We have been lucky this year as more crossings have been spotted than ever before and, even at the end of September, the Mara River crossings are continuing on an almost daily basis while the herds head south. The migration also arrived early – generally it starts in July and finishes in October but this year it began well ahead of schedule.
We are also delighted to have hosted our good friend and regular client, Hong Kong photographer Joseph Lam at Porini Lion Camp at the start of the month, who shared the below video with us.
Guests staying at either Porini Mara Camp or Porini Lion Camp and even our seasonal camps, Porini Bush Camp and the Ol Kinyei Adventure Camp, have had great sightings of the migration. Many have shared with us amazing images of this marvellous spectacle and we are proud to have been part of their experiences.
For guests staying two nights at either of the Porini camps in the Mara, we include a full day in the reserve to focus on viewing the crossing. However, the Ol Kinyei, Naibosho and Olare Motorogi conservancies are also home to one of the lesser known migration herds – the Loita Migration. About 100,000 zebra and wildebeest spend a large amount of time at the Ol Kinyei Conservancy, which is home to Porini Mara Camp and the Gamewatchers Ol Kinyei Adventure Camp, after migrating from the Loita Plains, which is located in the northeast of the reserve. Naturally though, this spectacle is determined by the availability of grazing land, which is also dependent on rainfall.
Over the last few years, these zebra and wildebeest have also used the Ol Kinyei Conservancy as their calving grounds in February and March, which has resulted in excellent viewing for clients.
Typically the wildebeests move north-west from the short grassy lands of the Serengeti National Park and Grumeti River. Crossing the Grumeti River is the first test of survival for these herds, with hungry crocs ready to enjoy a feast! The herds keep moving north, eventually reaching the border with the Maasai Mara where the herbivores again face whatever fate awaits them.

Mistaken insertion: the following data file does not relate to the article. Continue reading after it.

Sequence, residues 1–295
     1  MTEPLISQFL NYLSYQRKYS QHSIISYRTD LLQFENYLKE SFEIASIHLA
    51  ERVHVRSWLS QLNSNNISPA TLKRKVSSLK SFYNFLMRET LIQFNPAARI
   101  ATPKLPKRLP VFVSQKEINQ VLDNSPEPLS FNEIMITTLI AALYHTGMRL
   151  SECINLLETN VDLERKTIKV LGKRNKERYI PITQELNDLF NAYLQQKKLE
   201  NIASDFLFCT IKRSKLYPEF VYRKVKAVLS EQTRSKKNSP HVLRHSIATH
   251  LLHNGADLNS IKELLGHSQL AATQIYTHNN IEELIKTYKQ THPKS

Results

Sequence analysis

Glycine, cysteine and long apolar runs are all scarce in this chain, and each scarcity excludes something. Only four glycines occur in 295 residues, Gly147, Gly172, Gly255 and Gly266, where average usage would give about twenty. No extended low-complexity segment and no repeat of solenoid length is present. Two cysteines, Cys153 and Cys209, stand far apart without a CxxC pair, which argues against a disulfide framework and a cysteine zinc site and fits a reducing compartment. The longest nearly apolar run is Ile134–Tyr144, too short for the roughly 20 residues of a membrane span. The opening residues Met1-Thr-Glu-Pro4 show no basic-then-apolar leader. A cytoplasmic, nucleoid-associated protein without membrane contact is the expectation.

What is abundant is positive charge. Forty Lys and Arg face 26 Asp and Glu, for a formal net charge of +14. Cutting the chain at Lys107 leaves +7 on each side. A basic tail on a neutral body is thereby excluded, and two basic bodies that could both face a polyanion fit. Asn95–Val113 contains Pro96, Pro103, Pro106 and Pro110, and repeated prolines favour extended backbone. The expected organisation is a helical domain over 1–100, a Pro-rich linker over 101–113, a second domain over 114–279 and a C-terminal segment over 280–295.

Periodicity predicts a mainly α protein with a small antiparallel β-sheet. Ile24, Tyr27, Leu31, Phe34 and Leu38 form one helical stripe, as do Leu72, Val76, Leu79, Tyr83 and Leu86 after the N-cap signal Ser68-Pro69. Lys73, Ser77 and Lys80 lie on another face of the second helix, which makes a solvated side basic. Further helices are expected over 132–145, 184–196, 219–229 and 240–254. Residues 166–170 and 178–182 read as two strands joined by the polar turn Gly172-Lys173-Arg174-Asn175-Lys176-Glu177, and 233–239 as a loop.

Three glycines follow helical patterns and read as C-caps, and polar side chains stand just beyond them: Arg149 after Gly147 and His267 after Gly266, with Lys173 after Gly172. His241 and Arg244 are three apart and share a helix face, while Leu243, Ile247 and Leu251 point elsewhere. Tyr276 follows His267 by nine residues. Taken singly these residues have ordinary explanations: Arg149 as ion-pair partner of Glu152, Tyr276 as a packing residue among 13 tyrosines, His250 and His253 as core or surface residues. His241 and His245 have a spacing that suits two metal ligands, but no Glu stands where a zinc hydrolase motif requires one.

The mass of groaning beasts joins up with the bigger herds and remains in the Mara grasslands until October or early November. Then, as the storms start to gather in the Serengeti, the herds return to their breeding grounds. By the time they finish their journey, the grounds are once again green and lush. Then in a few more months, the parade across the East African borders will repeat its never-ending cycle.
With predator populations within the Porini conservancies growing – there are now over 150 free roaming lions across the 100,000 acres of land – guests are sure to have a true safari experience with fewer crowds. This will allow them to enjoy the breathtakingly beautiful landscapes that the conservancies of the Mara ecosystem have to offer.
We are currently running an amazing late bargain offer – hurry you can still witness this eighth wonder of the world!